Converting my recumbent to...
Thread started by bentstrider
at 12.18.08 - 2:10 pm
either a 26" or 700c wheel size for the rear.
I extremely want to do this as opposed to purchasing another recumbent for the mere sake of having the added momentum/speed of a 26" or 700c.
The 20" on the rear really sucks ass when I'm trying to keep up with a fast group, and it doesn't really hold cargo as well as my Hummer(see stereo).
To me, this seems like a relative ease of lengthening the rear-triangle section to adequately fit the rear-wheel in the back properly.
So, Bikerowave, Bike Kitchen, Bike-Oven people, any suggestions, or a day I could bring the frame in?
I got money!!!!
That and the two, LBS's up here are only interested in selling new parts and telling you to get fucked when it comes to DIY.
What's the 20" tires you've tried so far?
I really liked the comets in the past...
Also take a look at the recumbent tires available..
12.18.08 - 2:22 pm
I already tried the tires, but I'm under the assumption a larger wheelsize will help me maintain momentum.
12.18.08 - 3:32 pm
well, it will, but aside from cutting the frame and lengthening the rear triangle, a pretty hefty operation, you're stuck with the 20.
12.18.08 - 4:03 pm
What tires have you tried Adam?
12.18.08 - 4:29 pm
Increasing the rear wheel diameter on your recumbent will do two things: raise the gearing, and change your steering geometry. The bike will steer quicker and may be less stable. You can change the gearing a lot easier with chain ring or cog swaps.
More inertia? Yes, of course. But that will mean more power required to spin up or accelerate. You can get more inertia by swapping for a steel wheel of the same size, but I don't think this is what you want to do.
About the best you can do is install high performance tyres and gear up if necessary. And adjust the recline of your seat as far back as you can to minimalize air resistance at speeds over 15 mph.
12.19.08 - 8:15 am
I'd bet the recumbent was designed with 20" wheels to keep the center of gravity low for stability. As long as you can set up a high gear ratio, you'll be able to keep up with big wheelers.
Land speed records have been set by bicycles with 18" wheels.
12.19.08 - 10:35 am
Bikes with a lower center of gravity will steer quicker. This of course being that everything else is the same.
Some of the current speed records held are on small wheels. The fastest speed on an upright bike is over 51 mph and on 17 inch wheels. The fastest speed on a bike, 152 mph was set on 20 inch wheels. And the fastest speed un-assisted, over 81 mph were on 24 inch wheels.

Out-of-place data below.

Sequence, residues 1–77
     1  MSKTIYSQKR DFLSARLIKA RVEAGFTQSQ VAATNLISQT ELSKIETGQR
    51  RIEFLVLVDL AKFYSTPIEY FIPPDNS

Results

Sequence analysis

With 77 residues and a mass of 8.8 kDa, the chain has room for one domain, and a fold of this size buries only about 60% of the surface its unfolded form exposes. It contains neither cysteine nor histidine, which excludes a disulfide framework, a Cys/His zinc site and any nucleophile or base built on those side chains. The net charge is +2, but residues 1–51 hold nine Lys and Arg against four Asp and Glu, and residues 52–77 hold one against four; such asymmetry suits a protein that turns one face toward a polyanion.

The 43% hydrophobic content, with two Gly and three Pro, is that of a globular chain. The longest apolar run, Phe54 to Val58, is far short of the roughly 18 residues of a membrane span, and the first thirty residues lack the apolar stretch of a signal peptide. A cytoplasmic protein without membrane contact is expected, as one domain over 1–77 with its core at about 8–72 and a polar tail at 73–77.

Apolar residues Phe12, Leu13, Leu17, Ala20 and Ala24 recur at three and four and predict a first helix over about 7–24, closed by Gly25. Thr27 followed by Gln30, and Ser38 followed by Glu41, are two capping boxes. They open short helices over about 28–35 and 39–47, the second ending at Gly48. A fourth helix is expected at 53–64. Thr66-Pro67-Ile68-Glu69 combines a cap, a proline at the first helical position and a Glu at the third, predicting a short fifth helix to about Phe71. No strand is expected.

What makes the taller wheel faster is that it rolls over bumps, dips and holes better than smaller wheels. Eliminate that, and smaller wheels are faster and easier to keep up at speed.
12.19.08 - 11:31 am
"The fastest speed on an upright bike is over 51 mph and on 17 inch wheels."
Oh I forgot to mention, this record is over 22 years old! That's incredible when you consider the rate of R&D in bikes.
12.19.08 - 2:19 pm
of course that's not including gravity assisted...
I've been over 60 on a road bike.
12.19.08 - 2:24 pm
Well, my seat will not lean very far back on my bike without forcing my knees into my face.
So, in the near future, I'm looking into an Under-seat, steering 20"/26" model from Actionbent.
Cool thing about these ones is the fact that any store-bought accessories will go on without any problems, and they're more compact for buses, trunk storage., etc
Which will be a plus for the day I'm finally able to get back Over-The-Road.
02.27.09 - 7:04 am
Bentstrider - Check out the plans at atomiczombie.com.
If you can find a metal shop near you, you might be able to build a custom recumbent pretty cheap.
02.27.09 - 7:25 am
Here's a little doctoring of what I have in mind.
04.3.09 - 6:34 pm
Maybe your should consider simply adding an Xtra Cycle
04.3.09 - 6:44 pm
It could work, but first I'm going to weigh the cost of "welding vs. new-bike vs. xtra-cycle".
04.3.09 - 7:23 pm
with that long of a chainline, welding frames together will probably be problematic.
04.3.09 - 7:29 pm
I could always make, or order some additional idlers to guide the chain along.
04.3.09 - 7:35 pm
Essentially, I'm using the rear-triangle of this Trek 820 frame I still have sitting around.
04.3.09 - 11:30 pm
even with extra idlers (is that what they are called?), having a frame that isnt perfectly straight would be like having your chain be in the big ring of the front ring and the small in the back. it would rub on the derailleur and cause lots of problems. your chain would wear out 100x quicker, the chain would come off the gears more than it should, it would be super noisy, etc etc.
04.4.09 - 1:56 am
I'll see what happens.
If anything, I might just leave the BB on the frame triangle and utilize that as another reducer as well.
In the end, if that doesn't work, I might just cave and go with an Actionbent Jetstream.
04.4.09 - 2:17 am